How do I draft a letter of intent?


2

I have an idea I am working on that I believe will be useful. I have been told that verbally several times.

Rather than spend money on developing it to completion, I want my proposed suppliers/customers to commit in a way and agree in principle to come on board if I do my part by building what we agree on.

Does this make any sense? How do I draft such a document?

Edit:

I am creating a content distribution app. The letter of intent is geared towards the content copyright owners. So basically I want something saying, if I create this app that can distribute their stuff, they will agree to distribute it through me under certain revenue sharing terms. That way, I will not have doubts when spending on the app.

(Maybe LOI is the wrong name?)

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asked Feb 2 '12 at 18:35
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Oo The Nigerian
11 points
  • Do you need LOI for Nigeria or elsewhere? – Dnbrv 8 years ago
  • @dnbrv See update. Thanks. – Oo The Nigerian 8 years ago
  • Even after your update, my answer remains the same as below – Sid 8 years ago

2 Answers


1

One would need to know much more about your situation to opine on whether LOI is the right way to go and, if so, what the LOI should state.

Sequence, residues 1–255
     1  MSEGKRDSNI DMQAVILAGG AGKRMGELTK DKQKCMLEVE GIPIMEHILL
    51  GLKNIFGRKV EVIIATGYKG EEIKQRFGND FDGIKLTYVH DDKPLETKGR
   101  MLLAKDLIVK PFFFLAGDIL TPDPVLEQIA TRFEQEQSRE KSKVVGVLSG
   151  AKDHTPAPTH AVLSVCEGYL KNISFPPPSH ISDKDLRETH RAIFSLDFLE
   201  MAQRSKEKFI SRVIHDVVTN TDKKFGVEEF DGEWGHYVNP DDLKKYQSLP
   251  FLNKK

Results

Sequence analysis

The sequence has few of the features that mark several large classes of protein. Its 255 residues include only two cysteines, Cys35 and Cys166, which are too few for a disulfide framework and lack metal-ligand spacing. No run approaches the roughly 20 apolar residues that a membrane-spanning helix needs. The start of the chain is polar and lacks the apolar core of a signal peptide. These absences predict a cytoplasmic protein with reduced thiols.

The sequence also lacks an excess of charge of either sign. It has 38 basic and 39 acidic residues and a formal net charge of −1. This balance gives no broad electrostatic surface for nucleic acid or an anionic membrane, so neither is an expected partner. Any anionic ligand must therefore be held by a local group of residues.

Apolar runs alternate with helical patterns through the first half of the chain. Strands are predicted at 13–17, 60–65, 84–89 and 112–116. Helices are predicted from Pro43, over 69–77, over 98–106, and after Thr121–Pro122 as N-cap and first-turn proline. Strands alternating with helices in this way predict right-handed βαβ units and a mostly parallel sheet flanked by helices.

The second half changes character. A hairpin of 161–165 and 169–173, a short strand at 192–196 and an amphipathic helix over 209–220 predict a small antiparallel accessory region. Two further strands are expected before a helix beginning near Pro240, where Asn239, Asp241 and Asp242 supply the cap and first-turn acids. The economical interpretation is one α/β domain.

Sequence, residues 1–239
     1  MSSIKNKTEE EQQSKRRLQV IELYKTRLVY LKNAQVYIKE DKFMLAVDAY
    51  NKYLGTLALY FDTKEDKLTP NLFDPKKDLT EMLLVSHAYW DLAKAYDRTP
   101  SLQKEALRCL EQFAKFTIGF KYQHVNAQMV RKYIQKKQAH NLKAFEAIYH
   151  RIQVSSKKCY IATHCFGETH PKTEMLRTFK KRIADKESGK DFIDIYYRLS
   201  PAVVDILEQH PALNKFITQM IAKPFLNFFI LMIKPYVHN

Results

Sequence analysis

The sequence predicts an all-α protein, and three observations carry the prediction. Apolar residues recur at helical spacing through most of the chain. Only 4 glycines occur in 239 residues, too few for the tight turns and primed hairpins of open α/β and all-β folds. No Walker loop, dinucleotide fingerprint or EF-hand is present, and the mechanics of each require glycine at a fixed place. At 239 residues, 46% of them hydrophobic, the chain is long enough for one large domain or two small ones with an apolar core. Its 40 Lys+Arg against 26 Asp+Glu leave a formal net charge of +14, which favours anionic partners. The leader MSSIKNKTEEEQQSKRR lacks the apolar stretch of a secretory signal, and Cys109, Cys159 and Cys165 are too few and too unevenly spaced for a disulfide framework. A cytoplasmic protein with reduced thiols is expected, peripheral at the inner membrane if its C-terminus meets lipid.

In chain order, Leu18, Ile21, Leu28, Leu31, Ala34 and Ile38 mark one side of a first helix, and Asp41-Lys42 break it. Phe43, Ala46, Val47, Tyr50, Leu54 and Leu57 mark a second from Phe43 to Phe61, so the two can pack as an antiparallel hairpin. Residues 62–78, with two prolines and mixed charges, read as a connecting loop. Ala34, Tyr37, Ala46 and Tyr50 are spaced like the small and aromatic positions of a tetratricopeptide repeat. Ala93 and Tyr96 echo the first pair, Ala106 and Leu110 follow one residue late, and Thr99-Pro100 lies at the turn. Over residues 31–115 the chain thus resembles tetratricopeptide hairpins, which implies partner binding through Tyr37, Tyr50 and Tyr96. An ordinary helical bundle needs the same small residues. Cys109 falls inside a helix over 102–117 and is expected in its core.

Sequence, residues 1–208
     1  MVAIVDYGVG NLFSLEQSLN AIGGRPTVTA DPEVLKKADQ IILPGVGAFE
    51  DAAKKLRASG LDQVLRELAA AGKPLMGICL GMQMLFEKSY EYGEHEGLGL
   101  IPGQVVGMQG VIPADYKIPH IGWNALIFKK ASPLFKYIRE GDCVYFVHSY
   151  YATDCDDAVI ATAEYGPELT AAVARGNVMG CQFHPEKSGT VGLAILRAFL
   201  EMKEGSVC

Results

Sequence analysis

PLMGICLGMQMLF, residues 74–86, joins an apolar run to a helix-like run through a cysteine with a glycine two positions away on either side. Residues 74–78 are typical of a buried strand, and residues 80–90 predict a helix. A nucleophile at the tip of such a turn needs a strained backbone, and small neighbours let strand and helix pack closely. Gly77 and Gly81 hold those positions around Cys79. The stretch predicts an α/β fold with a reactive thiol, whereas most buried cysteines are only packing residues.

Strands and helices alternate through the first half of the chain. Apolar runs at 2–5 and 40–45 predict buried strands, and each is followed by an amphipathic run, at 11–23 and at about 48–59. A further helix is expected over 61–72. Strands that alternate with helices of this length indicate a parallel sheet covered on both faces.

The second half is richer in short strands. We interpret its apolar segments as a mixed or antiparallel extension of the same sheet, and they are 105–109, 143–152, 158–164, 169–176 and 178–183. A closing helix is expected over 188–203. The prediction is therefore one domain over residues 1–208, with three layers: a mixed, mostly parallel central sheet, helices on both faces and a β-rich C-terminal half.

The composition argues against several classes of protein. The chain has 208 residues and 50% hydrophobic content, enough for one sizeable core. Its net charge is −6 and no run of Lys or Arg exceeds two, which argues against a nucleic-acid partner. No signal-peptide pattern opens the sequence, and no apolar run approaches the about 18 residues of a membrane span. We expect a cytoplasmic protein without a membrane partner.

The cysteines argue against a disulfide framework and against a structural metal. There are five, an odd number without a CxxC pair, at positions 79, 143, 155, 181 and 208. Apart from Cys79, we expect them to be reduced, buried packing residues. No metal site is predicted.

There is, however, one thing I can say with confidence based on having seen the results of non-lawyers drafting such documents: It must state explicitly and clearly which provisions are binding on the parties (e.g., those pertaining to confidentiality) and which are not.

Disclaimer: This information does not constitute legal advice and does not establish an attorney-client relationship.

answered Feb 3 '12 at 05:28
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Dana Shultz
6,015 points
  • See update. Thanks! – Oo The Nigerian 8 years ago
  • It appears that you need a content license agreement. There is no way anyone can tell you on this forum how to draft such an agreement properly. – Dana Shultz 8 years ago

1

First, I'm not a lawyer.

Now, for the most part, an LOI isn't binding unless the court decides the LOI is frames just like an actual contract and is therefore one. If you can get such an LOI signed by them to begin with, I'd say go for it and maybe even call it a contract. But usually they won't agree to take on the product risk that early on.

An LOI however does condition the mind of the parties that "This is a bit serious, I'm putting my name in writing with my signature here. Do I really want this?". Getting people past that mental hurdle means that usually when someone still says they are interested, chances are they really are (no guarantees though). In that sense an LOI is great and I'd recommend it.

I'm going to assume you want to save on legal expenses, so you might want to write this business document yourself. At it's core

  • express what you aim to provide (cover their requirements)
  • approximately when and how
  • take care to:
    1. keep actual IP transfer etc conditional upon execution of an actual contract between all parties
    2. disclaim any formation of joint ventures, partnerships etc between all parties
Details and a sample can be found in this article
answered Feb 3 '12 at 07:40
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Sid
649 points
  • Thanks. Please see update – Oo The Nigerian 8 years ago

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